- The Washington Times - Wednesday, November 7, 2001

The Republican Party's grip on power in Virginia's General Assembly grew even tighter yesterday as the GOP picked up at least a dozen seats in the House of Delegates.
All 100 House seats were up for grabs in yesterday's election, with 39 candidates running unopposed. Most incumbents kept their seats, and as of 11:30 p.m., unofficial returns showed the Republicans had extended their majority.
At press time, unofficial results showed that 64 Republicans were either elected or re-elected, while 34 Democrats won seats. The two independents one of whom caucuses with the GOP also were re-elected.
With the Republicans controlling both the House and the Senate, Democratic gubernatorial candidate Mark R. Warner's victory over Republican Mark L. Earley will test the new governor's political skills.
Veteran delegates will greet 18 new members, who won seats vacated because of a flurry of retirements and the GOP's redistricting.
The Democrats' former majority leader and former House speaker will not be returning to Richmond, leaving a leadership vacuum in the party.
Republicans prevailed in most of the races where newly created districts or retirements left seats open, with GOP candidates picking up 15 of those seats, including victories in Northern Virginia's conservative suburbs.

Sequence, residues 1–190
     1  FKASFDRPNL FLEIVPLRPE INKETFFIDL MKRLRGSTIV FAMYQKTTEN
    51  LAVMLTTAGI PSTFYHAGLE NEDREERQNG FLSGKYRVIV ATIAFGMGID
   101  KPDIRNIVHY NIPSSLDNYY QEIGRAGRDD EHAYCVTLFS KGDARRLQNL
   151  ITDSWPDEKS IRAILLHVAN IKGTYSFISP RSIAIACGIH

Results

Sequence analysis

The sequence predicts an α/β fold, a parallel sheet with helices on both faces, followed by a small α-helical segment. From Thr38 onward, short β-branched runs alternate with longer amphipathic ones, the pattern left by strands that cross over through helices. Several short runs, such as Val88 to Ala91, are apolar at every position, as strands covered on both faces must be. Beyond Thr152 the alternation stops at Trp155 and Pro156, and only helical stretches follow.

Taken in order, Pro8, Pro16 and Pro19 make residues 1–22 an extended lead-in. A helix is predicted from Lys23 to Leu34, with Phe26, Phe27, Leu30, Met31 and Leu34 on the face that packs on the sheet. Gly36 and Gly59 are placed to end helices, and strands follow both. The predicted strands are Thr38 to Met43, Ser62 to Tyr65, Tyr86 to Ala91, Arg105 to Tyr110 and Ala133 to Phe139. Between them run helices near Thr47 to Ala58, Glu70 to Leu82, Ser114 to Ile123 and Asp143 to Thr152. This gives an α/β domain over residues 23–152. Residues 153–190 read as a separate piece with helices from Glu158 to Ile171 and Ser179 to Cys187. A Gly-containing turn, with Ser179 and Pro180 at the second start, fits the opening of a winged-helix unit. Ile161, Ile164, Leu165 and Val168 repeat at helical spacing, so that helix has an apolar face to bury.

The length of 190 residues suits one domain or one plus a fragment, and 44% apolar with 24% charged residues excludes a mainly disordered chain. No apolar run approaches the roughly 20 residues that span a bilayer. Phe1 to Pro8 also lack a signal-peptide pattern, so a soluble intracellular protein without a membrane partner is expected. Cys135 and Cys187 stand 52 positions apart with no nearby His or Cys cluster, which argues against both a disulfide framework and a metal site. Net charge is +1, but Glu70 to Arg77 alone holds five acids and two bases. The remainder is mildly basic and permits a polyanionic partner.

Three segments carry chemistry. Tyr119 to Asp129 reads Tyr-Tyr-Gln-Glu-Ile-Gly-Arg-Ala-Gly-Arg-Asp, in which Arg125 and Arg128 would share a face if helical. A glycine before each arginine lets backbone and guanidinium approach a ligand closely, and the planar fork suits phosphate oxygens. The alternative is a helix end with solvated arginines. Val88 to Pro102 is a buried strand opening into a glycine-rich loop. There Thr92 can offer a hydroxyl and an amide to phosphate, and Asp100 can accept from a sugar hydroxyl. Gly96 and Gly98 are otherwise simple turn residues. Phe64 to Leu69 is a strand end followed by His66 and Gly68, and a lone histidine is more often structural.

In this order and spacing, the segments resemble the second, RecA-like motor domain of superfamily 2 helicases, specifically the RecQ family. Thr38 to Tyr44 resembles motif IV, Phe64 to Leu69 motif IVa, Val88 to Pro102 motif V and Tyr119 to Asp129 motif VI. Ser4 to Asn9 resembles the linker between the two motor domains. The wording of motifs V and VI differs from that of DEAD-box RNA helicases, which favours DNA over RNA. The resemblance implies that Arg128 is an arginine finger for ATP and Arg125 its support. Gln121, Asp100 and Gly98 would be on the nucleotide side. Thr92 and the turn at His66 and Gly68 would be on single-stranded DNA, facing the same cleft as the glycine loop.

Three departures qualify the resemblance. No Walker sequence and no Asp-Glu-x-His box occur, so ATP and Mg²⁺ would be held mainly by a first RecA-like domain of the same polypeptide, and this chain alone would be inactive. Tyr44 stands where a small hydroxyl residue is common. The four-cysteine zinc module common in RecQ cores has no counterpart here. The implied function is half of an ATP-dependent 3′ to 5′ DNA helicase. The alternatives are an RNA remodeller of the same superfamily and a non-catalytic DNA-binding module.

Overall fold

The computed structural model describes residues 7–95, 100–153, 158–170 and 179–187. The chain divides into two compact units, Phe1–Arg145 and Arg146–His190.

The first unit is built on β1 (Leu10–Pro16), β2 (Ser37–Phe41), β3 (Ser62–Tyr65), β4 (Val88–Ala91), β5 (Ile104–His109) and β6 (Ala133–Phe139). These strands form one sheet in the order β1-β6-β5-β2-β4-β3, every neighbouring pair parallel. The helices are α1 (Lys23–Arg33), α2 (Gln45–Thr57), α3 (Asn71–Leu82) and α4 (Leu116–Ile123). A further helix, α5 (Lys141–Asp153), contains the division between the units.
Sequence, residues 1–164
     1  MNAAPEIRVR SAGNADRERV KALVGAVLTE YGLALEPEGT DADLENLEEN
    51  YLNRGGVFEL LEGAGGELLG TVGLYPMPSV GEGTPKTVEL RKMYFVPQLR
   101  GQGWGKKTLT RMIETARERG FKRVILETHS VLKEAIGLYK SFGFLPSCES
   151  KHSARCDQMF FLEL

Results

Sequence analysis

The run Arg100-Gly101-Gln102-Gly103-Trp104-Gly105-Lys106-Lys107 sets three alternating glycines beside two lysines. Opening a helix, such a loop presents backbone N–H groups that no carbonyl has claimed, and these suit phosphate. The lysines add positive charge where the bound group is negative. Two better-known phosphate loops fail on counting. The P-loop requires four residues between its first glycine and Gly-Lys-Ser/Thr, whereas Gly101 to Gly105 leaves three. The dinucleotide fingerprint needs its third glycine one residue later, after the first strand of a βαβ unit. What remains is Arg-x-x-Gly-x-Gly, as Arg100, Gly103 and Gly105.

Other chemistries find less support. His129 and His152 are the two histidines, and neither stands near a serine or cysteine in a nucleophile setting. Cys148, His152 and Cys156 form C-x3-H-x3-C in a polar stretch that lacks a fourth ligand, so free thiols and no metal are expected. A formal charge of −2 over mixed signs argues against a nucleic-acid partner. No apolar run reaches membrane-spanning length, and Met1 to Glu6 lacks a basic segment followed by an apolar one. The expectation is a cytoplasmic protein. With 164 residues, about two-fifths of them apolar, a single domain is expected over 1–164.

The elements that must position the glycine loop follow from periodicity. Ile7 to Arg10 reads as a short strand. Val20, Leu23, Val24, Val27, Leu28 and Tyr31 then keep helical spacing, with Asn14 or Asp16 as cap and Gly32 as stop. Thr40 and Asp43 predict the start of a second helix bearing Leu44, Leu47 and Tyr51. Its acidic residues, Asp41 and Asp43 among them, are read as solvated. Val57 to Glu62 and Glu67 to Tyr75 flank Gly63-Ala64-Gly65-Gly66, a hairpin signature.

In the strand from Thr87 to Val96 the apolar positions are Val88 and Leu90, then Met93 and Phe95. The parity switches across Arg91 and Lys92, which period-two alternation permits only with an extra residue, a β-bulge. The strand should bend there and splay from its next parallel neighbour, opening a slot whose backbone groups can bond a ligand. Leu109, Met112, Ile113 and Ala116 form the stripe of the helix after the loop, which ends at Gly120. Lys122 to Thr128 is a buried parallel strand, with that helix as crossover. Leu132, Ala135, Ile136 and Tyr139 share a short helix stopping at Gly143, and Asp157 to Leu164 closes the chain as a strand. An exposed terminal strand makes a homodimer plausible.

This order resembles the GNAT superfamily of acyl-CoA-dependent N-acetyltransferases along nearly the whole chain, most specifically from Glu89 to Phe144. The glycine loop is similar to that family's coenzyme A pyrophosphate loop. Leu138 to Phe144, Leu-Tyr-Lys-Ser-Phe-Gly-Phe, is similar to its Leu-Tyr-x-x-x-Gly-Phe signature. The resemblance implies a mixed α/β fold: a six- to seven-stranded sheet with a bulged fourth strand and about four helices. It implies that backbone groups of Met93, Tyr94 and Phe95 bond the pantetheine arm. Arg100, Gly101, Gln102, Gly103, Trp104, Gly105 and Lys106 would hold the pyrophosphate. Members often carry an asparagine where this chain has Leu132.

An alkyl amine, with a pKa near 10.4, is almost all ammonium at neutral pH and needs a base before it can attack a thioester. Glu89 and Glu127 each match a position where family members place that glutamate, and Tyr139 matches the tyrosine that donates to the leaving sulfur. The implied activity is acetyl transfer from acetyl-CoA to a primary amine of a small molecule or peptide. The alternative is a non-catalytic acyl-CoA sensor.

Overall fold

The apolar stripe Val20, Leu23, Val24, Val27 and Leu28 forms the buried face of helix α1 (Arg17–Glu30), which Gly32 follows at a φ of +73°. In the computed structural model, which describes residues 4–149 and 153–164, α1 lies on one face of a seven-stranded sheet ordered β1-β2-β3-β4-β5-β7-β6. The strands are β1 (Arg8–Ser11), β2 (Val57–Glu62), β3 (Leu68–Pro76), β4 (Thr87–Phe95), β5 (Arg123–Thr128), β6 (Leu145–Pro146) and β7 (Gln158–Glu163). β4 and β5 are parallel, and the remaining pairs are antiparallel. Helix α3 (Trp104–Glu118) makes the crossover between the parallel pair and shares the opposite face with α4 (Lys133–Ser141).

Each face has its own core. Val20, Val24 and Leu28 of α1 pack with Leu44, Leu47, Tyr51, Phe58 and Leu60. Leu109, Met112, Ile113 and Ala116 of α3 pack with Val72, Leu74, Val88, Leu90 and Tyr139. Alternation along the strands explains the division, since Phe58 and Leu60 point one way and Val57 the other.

Republican Scott Lingamfelter won in Woodbridge's 31st District, Mark Cole won in Fredericksburg's 88th District, and Thomas Davis Rust won in Herndon's 86th.
Redistricting did not seem to affect that many incumbents in Northern Virginia, but there were some exceptions.
In the 37th District, Fairfax City Council member J. Chapman Petersen, a Democrat, knocked off Delegate John H. "Jack" Rust Jr., Fairfax Republican, by about 2 percentage points.
Mr. Rust, who had raised $300,000 double the amount Mr. Petersen raised was at a disadvantage because a new district was drawn to incorporate the entire City of Fairfax Mr. Petersen's home turf. Before redistricting, Fairfax was represented by two House districts.
In the Rust-Petersen race, there was mudslinging on both sides of the aisles and the state parties threw money into the campaign, especially the Democrats, who saw Mr. Rust as vulnerable.
Delegate Vivian Watts, Fairfax Democrat, was able to stave off a fierce challenge from Republican Chris T. Craig for the 39th District seat. Mr. Craig all but swamped Ms. Watts' signs in the district with thousands of his own. Mrs. Watts was able to hold onto her seat despite an influx of 25,000 new and mostly conservative voters.
And one of the few local races with flair was between Arlington County Board of Supervisor Chairman and Democrat Jay Fisette, who defeated Republican challenger Michael W. Clancy.
The Republicans were optimistic that creation of the 49th District in Arlington would be instrumental in courting an emerging Hispanic vote. But Democratic Delegate L. Karen Darner, a 10-year veteran in the House, defeated Edgar L. Gonzalez in a race where the Hispanic voting bloc turned out to be smaller than expected.
Legislative districts are reapportioned every 10 years after the census to ensure that they are drawn so an equal number of persons are represented in each. House members serve two year terms.